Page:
“Oh they don’t keep them in line, unless she’s much richer or younger than him, or the man in question has some values, which is unlikely in France,” says Julia, an American mother of three who has lived in France for 17 years with her American husband. “But they prefer to stay married, as do the men. It gives them both security, albeit different types of security.”

Julia describes French society as an odd combination of more conservative and at the same time more licentious than ours. So while French men are allowed to behave as they want to, being unfaithful and refusing to do anything around the house, French women tend to put up with their behaviour due to a mixture of cultural norms and economic necessity.

“French women get peanuts in divorce settlements here, the law is as sexist as the men, so usually it’s in their interests to stay married.”

What happened to Hugh?

My husband’s and my reaction to the images of Hugh Grant doing a great impression of a beached whale in Mallorca were very different.
“How disgusting,” I said, pushing away my breakfast. “There’s no excuse for that.”
“How marvellous,” said my husband. “The pressure’s off. Pass me another sausage.”
Up and down the country men of a certain age not only breathed a sigh of relief, but allowed themselves to breathe out properly and let it all hang out for the first time in years.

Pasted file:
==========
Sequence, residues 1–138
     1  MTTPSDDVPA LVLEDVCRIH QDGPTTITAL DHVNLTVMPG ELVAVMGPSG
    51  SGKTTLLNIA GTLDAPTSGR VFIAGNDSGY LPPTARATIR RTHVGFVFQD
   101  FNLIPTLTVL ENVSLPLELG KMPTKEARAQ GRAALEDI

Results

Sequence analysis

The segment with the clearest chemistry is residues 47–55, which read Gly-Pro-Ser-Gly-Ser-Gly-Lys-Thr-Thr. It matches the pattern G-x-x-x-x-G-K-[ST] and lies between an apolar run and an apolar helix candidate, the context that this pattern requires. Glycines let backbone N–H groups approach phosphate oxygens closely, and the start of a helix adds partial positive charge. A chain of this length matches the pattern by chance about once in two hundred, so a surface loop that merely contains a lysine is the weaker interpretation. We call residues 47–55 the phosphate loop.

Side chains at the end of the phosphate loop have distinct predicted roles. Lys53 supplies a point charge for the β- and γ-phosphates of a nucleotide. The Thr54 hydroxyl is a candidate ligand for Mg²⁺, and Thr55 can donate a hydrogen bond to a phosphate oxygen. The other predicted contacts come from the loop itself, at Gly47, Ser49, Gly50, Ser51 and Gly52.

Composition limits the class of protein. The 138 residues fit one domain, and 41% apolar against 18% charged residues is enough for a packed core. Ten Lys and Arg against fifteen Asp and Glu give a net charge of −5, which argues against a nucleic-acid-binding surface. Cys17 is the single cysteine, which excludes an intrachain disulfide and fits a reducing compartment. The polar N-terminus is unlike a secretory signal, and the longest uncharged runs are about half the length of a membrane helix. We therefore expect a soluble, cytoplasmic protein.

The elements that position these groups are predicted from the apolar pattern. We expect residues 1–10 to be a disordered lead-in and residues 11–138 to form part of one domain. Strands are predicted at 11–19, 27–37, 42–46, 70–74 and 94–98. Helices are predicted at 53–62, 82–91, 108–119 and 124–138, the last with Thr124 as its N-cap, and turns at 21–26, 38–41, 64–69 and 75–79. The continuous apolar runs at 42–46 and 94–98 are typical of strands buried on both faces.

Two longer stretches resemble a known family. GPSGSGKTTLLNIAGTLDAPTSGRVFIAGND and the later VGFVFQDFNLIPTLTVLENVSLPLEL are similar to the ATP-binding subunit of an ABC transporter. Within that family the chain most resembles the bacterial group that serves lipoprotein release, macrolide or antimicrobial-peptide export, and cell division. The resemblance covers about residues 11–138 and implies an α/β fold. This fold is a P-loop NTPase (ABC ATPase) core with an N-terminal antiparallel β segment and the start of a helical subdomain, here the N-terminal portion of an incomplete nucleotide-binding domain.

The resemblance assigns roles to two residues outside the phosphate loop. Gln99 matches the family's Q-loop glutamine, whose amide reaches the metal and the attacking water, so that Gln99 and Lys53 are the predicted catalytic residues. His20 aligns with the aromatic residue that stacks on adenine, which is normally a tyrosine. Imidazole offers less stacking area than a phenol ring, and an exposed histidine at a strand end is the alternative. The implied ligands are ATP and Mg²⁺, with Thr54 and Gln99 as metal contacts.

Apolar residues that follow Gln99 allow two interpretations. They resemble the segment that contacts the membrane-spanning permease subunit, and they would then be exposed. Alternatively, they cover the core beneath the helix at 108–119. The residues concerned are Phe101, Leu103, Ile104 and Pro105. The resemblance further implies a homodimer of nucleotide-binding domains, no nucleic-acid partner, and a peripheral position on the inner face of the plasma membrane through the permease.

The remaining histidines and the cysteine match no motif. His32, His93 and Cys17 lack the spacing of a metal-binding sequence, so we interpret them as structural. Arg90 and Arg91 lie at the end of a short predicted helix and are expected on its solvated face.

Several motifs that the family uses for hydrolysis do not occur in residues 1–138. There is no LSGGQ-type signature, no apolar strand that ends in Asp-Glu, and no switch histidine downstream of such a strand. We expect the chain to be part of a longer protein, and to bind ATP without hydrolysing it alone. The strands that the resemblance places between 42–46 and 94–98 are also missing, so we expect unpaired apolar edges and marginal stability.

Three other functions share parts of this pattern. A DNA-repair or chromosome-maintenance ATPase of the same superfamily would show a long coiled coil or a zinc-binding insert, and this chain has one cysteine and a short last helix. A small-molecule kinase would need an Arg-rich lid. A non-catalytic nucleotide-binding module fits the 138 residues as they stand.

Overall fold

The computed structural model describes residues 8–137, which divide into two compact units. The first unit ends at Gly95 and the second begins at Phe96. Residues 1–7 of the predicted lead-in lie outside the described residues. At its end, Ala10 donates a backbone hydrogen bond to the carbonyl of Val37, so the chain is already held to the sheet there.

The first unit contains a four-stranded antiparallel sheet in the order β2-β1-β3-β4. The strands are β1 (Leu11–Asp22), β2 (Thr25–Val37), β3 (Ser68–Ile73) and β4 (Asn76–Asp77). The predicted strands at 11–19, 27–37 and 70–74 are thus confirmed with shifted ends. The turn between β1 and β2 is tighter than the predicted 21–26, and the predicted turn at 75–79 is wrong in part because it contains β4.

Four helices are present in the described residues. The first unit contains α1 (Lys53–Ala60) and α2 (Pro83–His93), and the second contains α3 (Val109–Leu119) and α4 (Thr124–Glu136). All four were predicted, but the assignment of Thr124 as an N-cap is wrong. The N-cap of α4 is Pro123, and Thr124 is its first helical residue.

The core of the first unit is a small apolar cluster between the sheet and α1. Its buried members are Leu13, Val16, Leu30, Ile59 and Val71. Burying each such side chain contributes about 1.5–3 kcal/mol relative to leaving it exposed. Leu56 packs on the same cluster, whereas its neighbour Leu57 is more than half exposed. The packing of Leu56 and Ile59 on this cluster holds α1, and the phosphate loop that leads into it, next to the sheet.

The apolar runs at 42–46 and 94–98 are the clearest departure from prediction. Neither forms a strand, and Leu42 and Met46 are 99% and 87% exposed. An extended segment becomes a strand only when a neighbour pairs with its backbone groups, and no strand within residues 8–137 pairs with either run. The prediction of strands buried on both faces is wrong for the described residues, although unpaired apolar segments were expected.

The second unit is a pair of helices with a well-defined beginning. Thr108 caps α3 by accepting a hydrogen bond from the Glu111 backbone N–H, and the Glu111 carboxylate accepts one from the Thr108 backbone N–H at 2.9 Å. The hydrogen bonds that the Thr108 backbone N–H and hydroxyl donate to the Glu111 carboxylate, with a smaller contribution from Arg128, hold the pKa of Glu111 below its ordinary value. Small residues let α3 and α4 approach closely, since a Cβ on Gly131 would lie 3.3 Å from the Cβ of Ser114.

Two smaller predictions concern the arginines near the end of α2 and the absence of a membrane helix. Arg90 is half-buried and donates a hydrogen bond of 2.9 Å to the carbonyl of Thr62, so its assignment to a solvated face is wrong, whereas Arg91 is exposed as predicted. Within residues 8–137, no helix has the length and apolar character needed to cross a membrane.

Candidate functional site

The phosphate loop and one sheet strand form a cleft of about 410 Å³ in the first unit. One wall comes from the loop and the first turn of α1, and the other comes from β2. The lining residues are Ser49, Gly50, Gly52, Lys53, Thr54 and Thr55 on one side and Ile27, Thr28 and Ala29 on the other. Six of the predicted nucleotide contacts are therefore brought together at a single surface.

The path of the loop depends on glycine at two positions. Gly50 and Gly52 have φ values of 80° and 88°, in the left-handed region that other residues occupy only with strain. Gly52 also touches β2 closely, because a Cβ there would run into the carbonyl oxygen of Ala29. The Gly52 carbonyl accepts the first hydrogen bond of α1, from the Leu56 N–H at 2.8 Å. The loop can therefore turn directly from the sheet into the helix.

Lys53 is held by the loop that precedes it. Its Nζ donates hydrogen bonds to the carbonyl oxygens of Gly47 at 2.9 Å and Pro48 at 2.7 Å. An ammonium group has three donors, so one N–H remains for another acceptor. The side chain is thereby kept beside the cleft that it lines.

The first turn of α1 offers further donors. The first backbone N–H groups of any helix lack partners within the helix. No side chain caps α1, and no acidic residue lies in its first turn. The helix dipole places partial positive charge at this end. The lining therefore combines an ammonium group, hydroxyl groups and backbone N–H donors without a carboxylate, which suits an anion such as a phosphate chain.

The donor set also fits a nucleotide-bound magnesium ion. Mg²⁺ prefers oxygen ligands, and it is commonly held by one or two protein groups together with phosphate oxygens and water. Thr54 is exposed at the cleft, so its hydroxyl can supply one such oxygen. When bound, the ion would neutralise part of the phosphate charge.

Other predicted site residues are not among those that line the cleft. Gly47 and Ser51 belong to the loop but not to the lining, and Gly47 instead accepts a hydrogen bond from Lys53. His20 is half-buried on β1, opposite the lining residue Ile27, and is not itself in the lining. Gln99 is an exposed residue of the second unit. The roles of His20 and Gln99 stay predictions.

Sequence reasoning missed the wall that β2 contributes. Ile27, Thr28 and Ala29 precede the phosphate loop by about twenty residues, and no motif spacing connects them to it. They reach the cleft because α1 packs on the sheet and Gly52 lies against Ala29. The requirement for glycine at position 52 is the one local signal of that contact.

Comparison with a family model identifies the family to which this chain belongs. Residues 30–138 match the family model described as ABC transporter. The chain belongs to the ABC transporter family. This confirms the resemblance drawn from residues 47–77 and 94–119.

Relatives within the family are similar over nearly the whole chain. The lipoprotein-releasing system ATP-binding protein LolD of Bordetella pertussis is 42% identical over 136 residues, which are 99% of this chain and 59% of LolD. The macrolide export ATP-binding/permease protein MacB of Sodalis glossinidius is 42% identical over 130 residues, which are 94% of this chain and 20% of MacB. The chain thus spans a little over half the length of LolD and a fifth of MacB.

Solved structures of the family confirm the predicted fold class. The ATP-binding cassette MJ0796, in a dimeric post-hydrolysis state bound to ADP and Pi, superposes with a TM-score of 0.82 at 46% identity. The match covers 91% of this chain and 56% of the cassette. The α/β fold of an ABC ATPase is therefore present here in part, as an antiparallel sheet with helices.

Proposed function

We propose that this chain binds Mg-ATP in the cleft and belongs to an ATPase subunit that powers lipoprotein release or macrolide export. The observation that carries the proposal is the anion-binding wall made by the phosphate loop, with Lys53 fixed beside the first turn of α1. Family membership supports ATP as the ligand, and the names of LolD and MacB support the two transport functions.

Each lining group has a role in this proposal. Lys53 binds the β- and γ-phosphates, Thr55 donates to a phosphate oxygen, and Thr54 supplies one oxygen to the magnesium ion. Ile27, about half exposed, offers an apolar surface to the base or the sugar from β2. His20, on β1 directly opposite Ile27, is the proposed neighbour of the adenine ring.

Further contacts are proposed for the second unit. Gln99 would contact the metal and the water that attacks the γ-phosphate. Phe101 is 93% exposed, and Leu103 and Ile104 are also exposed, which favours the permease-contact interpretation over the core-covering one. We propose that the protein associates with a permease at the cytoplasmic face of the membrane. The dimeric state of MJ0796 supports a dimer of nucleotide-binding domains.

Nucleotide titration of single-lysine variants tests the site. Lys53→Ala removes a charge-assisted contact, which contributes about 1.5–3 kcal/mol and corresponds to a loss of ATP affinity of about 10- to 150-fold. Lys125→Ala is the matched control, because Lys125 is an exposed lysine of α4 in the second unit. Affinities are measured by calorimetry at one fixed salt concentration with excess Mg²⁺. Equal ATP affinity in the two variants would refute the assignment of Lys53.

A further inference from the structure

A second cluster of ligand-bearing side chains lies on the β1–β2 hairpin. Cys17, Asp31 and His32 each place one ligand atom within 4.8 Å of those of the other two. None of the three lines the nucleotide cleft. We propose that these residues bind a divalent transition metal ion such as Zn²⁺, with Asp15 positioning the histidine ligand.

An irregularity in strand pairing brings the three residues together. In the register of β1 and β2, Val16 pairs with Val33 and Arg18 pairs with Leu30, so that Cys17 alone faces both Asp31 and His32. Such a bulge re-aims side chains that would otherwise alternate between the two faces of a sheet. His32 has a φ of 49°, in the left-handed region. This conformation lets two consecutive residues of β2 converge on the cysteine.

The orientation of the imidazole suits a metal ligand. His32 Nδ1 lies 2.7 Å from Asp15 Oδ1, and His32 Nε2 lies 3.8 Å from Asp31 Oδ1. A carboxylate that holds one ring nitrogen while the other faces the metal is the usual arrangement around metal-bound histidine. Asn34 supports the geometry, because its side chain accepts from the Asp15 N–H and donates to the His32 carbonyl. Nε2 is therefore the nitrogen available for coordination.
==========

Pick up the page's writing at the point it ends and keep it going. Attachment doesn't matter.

Here was Hugh Grant, cinematic icon, sex symbol and floppy-haired hero looking worse than them. I can imagine them admiring themselves in the mirror thinking ‘I haven’t even got moobs, I’m a stud’.34DA342400000578-0-image-m-11_1464907508168
Hugh is a classic example of a middle-aged man who has decided that for him the war is over. By war I mean the battle to stay in shape, to remain young looking, and meet the ageing process head on. He has decided to slide into middle age in comfort (and rather dodgy looking swimming trunks).
I have lots of friends who have done the same. They have vast bellies, their shoulders seem to have vanished, they are jowly and look, well, old. Their wives on the other hand don’t. They take care of themselves, stay trim and dye their hair. They are starting to look ten, even 20, years younger than their frumpy husbands.
There really is no excuse to look like Hugh Grant. While I know men who are heading inexorably towards a flabby future, there are those (much rarer) who have taken charge of their destiny. They exercise, they don’t drink a bottle of wine a night and they watch what they eat. I have one friend who at 40 is younger than Hugh but he has the body of a 20 year old. I can’t imagine that by 55 he will have let it all go.
Staying in shape becomes a habit once you start. It’s the starting that’s tough. Especially when you’ve sunk as low as Hugh has. But the amazing thing about getting in shape is that it really doesn’t take very long. Start now. Do some exercise every day. Cut alcohol down to weekends. Try not to eat bread every day, or carbs at night. There are tiny tweaks you can make to your life that done together will add up to a new, rejuvenated and reinvigorated you. Who looks like Hugh Grant used to. I feel a sequel to Smart Women don’t get Wrinkles coming on. Yep, you guessed it. Smart Men don’t get Moobs.

I am a sofa…..

I went to a baby shower last week, and just to give you an idea of how they tend to do these things in Abu Dhabi, I am uploading a photo.

Understated, eh? My first thought as I walked in was of the film Batman, when the duck turns out to be carrying gun-toting madmen. But happily it was peace and cup-cakes all round.